As an engineer, I thought I would point out there are two ways we deal with patents:
Method 1: Once you have an idea, do a thorough patent search and verify your idea does not appear to violate any patents. If it does, re-design the widget so it avoids the patent.
Method 2: Ignorance is bliss. Design and build it.
I can tell you, if you use method 1 you will need an enormous staff and risk never getting anything done. Despite it all, you still won't be safe because someone will come along with patent claims anyway, even though you did a most thorough due diligence search. I'm not saying you ignore patents, that would be unethical. Company I work for has a record of the patents related to our products that we have been made aware of. It just doesn't make a lot of sense to go looking for trouble.
Patents won't stop you from building a couple of devices in your garage; but, they'll be as useful as bricks. You have to get the radios FCC certified and then run the gauntlet of certification hoops to convince the cell provider to allow you to connect your garage built device to their network. There are radio modules available that would speed up the process -- basically pre-certified modules that handle the entire cell phone function. You might be able to do it using these... But they're huge, relatively speaking. You won't be building a sexy device like a Galaxy S, iPhone, or Droid with them.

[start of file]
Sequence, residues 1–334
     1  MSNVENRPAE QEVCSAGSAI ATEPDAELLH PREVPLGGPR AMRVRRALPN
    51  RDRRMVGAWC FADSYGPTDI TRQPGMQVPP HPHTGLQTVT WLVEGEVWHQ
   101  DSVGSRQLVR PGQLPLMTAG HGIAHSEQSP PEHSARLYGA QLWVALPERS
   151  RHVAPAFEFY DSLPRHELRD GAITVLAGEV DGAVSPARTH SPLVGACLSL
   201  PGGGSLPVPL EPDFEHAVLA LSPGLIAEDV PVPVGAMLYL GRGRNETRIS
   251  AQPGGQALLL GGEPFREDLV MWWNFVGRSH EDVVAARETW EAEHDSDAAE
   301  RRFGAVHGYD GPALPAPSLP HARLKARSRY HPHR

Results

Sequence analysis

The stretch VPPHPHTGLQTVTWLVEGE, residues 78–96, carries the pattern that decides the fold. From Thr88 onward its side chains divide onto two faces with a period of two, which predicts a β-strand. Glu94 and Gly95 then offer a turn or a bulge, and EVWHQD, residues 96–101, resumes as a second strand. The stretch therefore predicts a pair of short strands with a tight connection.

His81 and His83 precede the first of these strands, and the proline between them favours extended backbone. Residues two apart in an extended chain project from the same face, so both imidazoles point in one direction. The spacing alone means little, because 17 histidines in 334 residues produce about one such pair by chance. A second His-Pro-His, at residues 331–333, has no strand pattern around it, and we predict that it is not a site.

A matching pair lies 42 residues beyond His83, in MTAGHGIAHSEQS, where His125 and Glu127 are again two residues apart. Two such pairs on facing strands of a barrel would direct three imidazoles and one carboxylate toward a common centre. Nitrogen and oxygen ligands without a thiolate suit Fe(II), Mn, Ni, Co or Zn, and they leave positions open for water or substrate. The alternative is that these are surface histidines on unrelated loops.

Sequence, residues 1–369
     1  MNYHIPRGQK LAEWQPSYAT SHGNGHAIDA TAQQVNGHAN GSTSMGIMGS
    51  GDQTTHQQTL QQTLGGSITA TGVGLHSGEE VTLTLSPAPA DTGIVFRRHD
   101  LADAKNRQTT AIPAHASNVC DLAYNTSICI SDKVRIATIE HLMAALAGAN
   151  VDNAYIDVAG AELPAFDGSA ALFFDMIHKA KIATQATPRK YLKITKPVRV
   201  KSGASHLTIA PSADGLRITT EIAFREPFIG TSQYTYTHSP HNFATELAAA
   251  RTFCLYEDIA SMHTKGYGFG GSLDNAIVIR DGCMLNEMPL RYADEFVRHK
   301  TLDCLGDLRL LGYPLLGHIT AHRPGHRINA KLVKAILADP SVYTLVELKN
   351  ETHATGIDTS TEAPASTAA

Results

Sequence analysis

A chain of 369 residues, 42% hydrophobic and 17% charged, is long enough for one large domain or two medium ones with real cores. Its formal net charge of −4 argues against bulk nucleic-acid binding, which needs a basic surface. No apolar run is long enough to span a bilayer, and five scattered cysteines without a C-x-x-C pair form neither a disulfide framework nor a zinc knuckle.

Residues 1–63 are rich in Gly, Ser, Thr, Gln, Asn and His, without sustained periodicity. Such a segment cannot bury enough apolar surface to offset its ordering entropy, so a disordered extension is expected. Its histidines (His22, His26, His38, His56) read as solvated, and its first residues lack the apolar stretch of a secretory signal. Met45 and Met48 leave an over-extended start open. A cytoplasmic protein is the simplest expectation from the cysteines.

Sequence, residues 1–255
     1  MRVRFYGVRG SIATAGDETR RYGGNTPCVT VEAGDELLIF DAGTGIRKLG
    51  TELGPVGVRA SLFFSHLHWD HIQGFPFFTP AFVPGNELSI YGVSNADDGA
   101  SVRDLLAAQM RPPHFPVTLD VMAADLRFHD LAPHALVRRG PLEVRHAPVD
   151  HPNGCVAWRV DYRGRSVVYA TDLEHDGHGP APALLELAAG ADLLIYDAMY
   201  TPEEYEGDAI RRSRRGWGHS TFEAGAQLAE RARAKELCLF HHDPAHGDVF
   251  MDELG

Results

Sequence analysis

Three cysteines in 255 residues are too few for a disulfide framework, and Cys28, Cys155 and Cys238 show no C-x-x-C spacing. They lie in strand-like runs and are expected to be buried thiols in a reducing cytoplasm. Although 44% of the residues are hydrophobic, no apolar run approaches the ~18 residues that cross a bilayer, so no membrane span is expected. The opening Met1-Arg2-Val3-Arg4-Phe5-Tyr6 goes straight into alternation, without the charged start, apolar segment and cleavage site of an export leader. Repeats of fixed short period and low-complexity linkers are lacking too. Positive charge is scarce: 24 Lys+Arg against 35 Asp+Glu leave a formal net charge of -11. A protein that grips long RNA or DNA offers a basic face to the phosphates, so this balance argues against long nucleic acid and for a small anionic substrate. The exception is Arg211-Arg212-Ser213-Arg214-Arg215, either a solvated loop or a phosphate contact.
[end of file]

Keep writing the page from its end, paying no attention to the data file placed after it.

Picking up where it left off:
We've done it on equipment we're designing for deployment; but, I have the advantage of being able to call Verizon and say, "I'm Confused, an electrical and software engineer with Big-Company. I am using a cell radio module from A_well_known_manufacturer. I need to activate it on our account for testing..." And, by the way, we won't do that until we're pretty damn sure the thing will work right.
Motto: I vote early and I vote often.
My name is Chad. Chad Hanging.
it will make it less likely to erupt
Uh, no. First, you'll not affect the upwelling of heat from the lower mantle. Second, you might increase the viscosity in the localized region around the well, which might have the opposite effect by forcing any upwelling magma to seek other directions for expansion, should there be pressure to expand. Third, if the water does ever reach the magma, it will enhance the probability of an eruption.
Don't compare floating point numbers solely for equality.